That makes it easier to understand things.

However, the clarity or lack thereof due to placement of that enum inside or outside a class, is nothing compared to the shouting, the use of ALL UPPERCASE IDENTIFIERS. Reserve those for macros. In Java they're used for constants because Java got its look and feel from C, where it's not so unusual to define constants as macros (because early C didn't have const). Note that Java does not have a preprocessor, no macros. It's more than a bit silly to take a convention that originated with C, for keeping macros in a separate "namespace", and applying it without understanding to something else so as to be at completely cross purpose with the original intent.

Cheers & hth.,

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C++ also got it's look and feel from C... –  kmac Nov 19 at 17:27
    
@kmac: C++ got it's basic syntax directly from C, not just look and feel. And C++ extended it and changed it, in the tradition of C at the time, which was also very much in flux. In early C the creators often used lowercase macro names. You can see vestiges of that in e.g. assert and errno and so on. The uppercase convention evolved to become dominant as time passed and experience mounted. But it was for the purpose of minimizing name collisions for macros. Java does not have macros, and adopted the convention for its use for defining constants in C. That use is irrelevant in C++. –  Cheers and hth. - Alf Nov 19 at 17:33

This is purely a matter of preference; however, I tend to go with Java-like enums in C++:

class PlayerType {
  public:
     enum VALUE {USER, COMPUTER};
     explicit PlayerType(VALUE val) : value_(val) {}

     operator VALUE() const { return value_; }
     bool operator==(VALUE other) const { return value_ == other; }
     bool operator!=(VALUE other) const { return value_ != other; }
  private:
     VALUE value_;
     // Copy and assign intentionally allowed.
};

The reason I tend to do this is that it is not uncommon to need to add additional functionality (such as conversion to/from string representations) later, and so this structure makes it easy to extend.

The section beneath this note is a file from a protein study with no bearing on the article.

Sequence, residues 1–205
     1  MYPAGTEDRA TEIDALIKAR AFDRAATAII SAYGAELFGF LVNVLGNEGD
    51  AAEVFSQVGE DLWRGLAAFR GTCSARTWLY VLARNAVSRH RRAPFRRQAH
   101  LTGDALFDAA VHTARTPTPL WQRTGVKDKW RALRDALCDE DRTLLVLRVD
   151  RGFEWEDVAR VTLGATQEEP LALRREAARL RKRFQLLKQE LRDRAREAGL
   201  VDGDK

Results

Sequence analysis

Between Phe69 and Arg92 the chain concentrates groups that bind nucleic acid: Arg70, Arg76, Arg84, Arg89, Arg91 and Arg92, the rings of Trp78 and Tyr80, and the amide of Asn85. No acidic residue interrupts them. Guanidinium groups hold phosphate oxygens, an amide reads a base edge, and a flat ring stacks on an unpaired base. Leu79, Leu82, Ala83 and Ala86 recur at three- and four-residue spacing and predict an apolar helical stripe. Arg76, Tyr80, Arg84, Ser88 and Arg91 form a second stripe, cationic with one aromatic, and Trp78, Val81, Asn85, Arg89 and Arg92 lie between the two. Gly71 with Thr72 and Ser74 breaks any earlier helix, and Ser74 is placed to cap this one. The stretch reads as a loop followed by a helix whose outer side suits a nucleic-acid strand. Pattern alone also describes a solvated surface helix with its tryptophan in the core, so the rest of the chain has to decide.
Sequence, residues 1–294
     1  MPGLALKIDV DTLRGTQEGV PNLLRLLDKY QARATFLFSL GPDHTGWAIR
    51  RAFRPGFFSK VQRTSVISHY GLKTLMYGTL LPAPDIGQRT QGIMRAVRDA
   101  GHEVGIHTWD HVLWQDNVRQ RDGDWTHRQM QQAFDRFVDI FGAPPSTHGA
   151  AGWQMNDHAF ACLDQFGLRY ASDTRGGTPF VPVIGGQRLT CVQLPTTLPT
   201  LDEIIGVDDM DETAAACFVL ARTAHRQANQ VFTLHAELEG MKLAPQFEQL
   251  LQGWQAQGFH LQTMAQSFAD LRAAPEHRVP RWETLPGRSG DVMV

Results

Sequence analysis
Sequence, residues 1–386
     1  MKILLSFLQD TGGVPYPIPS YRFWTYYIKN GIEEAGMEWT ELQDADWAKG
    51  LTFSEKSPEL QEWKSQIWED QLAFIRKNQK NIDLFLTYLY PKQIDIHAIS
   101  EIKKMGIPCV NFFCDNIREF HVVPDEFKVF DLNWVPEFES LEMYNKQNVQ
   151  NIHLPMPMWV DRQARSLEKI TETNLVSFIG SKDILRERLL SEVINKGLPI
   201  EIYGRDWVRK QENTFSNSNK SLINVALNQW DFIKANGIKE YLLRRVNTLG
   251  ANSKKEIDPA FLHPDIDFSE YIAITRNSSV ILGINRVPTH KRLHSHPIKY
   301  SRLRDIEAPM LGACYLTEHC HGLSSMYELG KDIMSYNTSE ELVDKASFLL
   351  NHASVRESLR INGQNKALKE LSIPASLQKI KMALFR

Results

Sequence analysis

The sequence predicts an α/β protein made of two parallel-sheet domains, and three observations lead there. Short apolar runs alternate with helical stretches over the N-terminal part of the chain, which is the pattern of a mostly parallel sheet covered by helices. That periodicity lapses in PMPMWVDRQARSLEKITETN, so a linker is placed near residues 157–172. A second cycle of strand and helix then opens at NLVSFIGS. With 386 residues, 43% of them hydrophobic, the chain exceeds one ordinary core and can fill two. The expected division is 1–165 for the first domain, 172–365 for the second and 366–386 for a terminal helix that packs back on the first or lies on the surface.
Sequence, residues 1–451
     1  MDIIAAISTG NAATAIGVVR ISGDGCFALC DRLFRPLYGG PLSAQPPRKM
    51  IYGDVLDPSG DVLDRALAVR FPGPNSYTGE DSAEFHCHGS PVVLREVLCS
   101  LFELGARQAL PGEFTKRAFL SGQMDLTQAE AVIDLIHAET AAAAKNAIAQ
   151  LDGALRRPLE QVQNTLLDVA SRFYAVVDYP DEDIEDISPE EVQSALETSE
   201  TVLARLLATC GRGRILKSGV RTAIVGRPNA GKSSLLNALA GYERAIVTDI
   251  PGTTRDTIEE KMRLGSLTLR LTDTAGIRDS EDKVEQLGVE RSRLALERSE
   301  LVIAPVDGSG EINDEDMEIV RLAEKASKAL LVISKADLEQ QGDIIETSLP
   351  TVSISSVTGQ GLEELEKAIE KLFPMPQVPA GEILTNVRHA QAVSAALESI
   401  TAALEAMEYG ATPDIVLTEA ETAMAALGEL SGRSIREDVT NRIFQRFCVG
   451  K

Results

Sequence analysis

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Could you please stop shouting –  Cheers and hth. - Alf Nov 4 '11 at 7:18
    
+1 for the nice example... But I just had the doubt whether having a constant enum declaration as public would be a bad practice (similar to declaring public variables). –  Ajai Nov 4 '11 at 7:21
    
@AlfP.Steinbach, what do you mean? –  Michael Aaron Safyan Nov 4 '11 at 7:21
1  
TO MY EYES AND TO THE EYES OF MANY OTHER PEOPLE, ALL UPPERCASE IS VISUALLY NOISY, LIKE SHOUTING. MANY C++ FAQS, INCLUDING BJARNE'S, RECOMMEND RESERVING ALL UPPERCASE FOR MACROS. THAT IS BECAUSE MACROS DO NOT RESPECT SCOPES, SO IT'S NICE TO HAVE A DIFFERENT NAME FORM FOR THEM (AND ALSO, THAT THE SHOUTING IS RESTRICTED TO EVIL MACROS, SO THAT IT HAS THE POSITIVE EFFECT OF LEADING YOUR ATTENTION TO INSTANCES OF EVIL PRACTICES). CHEERS & HTH., –  Cheers and hth. - Alf Nov 4 '11 at 7:27
    
@AlfP.Steinbach, ok, thanks for the clarification. While that is generally the case, all upper case is a fairly common convention for any constant (both macros and enums included), though there are others who prefer the kConstant style, instead, for non-macro constants. –  Michael Aaron Safyan Nov 4 '11 at 8:46

If it only is used inside the Game class, I would have put the enum inside it.

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It is better to define enum within namespace